See, maybe if my neuroscience textbook was interactive, I'd have understood my mind quicker. Or maybe if I wasn't so insecure about feeling dumb -- anxious that I always have to be perfect -- I'd have persisted with the textbook. Either way would've saved me the hassle of what was going to happen at the end of that school term.
It was the week after midterms.
My Chompy was acting up, coz I thought I screwed up one of the extra credit questions, and there was no way I'd get anything above a 95% on the Computer Science exam. God damn it. How could I have been so stupid?! I should've drunk more Red Bull before the test. I'm going to disappoint my professor, my family, my friends, everyone.
Speaking of disappointing people, here was the other reason I was nervous -- after midterms, the labs would involve collaboration & giving presentations. (What?! I thought the whole point of Compsci was to avoid talking to people!) I'm not sure where all my social anxiety came from, and I never will be, but I have a hunch...
This is called classical conditioning. By pairing one stimulus (like talking to my superior) with another (like shame and fear), you can condition someone to associate one with the other. As the first neuron rule goes, firing A then B makes A→B. Also note how my fear spread to all forms of social interaction, including one-on-one friendships and hanging out in groups. This is called stimulus generalization.
Of course, social anxiety has different causes for different people. This was just my experience. But in any case, understanding why I was screwed wouldn't make me any less screwed. The only way I knew how not to panic, other than killing Chompy, was to avoid stressful situations.
For example, avoiding this stressful situation:
Makes sense, right? To avoid getting stressed, avoid stressful situations. But I couldn't avoid the upcoming group assignments and class presentations. Maybe if I did the work for the entire group... and pretended I was sick on every presentation day...?
Oh who was I kidding. This was going to mess me and Chompy up. Let's get it over with.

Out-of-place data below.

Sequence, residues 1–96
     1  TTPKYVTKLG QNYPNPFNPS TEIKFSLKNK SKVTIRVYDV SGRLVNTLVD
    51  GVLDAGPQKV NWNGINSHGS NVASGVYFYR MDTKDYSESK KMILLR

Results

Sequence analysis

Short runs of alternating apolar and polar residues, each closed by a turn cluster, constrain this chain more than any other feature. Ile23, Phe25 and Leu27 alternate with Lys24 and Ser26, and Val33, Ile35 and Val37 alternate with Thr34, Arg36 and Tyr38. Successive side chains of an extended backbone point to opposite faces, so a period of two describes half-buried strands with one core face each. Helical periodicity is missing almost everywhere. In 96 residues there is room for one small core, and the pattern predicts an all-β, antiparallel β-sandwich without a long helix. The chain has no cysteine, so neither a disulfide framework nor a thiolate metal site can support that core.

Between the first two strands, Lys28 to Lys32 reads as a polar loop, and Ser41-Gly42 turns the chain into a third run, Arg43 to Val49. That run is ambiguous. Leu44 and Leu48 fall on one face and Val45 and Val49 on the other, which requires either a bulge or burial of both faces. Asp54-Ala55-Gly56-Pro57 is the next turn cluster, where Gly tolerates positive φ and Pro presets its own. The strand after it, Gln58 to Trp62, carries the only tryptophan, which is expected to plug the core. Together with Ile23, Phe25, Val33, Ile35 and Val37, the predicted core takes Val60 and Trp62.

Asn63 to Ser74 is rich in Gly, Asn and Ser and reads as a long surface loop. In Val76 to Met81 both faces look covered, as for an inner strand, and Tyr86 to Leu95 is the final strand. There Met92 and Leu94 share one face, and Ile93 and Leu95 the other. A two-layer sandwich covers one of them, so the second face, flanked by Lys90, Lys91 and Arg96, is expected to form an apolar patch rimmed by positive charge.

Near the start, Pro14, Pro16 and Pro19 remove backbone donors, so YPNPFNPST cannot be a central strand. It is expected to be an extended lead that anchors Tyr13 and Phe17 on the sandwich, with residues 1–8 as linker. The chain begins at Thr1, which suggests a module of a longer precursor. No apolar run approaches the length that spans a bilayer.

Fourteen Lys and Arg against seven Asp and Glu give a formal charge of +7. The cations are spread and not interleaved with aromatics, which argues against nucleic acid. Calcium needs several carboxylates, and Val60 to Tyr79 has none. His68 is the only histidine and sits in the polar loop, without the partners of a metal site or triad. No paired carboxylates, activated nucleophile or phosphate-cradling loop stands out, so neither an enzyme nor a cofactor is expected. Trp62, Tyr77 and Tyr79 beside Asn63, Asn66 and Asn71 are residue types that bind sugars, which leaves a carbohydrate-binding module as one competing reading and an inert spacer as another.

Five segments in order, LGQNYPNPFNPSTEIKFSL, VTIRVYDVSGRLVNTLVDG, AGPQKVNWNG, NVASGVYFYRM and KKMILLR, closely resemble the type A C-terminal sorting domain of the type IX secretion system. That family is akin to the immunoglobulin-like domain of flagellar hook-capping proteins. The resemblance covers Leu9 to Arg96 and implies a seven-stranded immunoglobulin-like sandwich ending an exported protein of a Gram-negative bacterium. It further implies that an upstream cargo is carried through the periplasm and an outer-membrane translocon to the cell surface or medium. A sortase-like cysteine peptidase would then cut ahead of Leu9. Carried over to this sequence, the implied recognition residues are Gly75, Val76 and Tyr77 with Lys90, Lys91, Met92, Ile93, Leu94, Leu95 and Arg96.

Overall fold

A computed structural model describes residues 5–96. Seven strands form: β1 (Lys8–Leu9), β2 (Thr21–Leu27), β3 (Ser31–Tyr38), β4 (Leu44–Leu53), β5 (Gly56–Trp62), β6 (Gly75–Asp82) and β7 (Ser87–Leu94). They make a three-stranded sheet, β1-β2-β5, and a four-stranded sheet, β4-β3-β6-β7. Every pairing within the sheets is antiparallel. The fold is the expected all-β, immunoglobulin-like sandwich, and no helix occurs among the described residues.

Huh. I was anxious at first, but then... some of my fear connections vanished. Not all of them, I was still scared of talking to my bosses and teachers, but still, progress.
This is called extinction, when you un-train a conditioned response. I guess I'd never gotten past the first high-stress stage, because of my seemingly-logical habit of avoiding stressful situations. But as we saw earlier, Chompy follows a different logic. Firing A without B disconnects A→B, therefore, talking to people in a safe space helps to un-train one's social anxiety. (Note: The "safe" part is important. Otherwise, you'd be reinforcing the fear. Don't go facing your fears willy-nilly, but do face them.)
By Chompy's paradoxical logic, the best way to avoid fear is to not avoid it.
I recently learnt this was called exposure therapy, which is one of the most effective, evidence-backed treatments for phobias, PTSD, and other anxiety disorders.
This was great news! Now, I knew that Chompy was beatable. Which meant that I could successfully kill my emotions, just in time for the finals! So I whipped out the textbooks, bought six-packs of Red Bulls, and got ready to kill off the dinosaur, once and for all.
Thank you for play-read-test-whatever-ing I'd Like To Be A Machine! There's more to come. Act III will be on bad habits & operant conditioning, then there's one more final chapter on how I learned to not fight against my emotions, but to work with them.
Please let me know what you liked, or disliked, or found confusing. Remember, if something was confusing, it's my fault as a communicator, not yours, and I need you to be honest about whatever possible flaws are here, so I can fix them! If this works, hopefully, it can help reach the anxious people who need this the most.
~ Nicky Case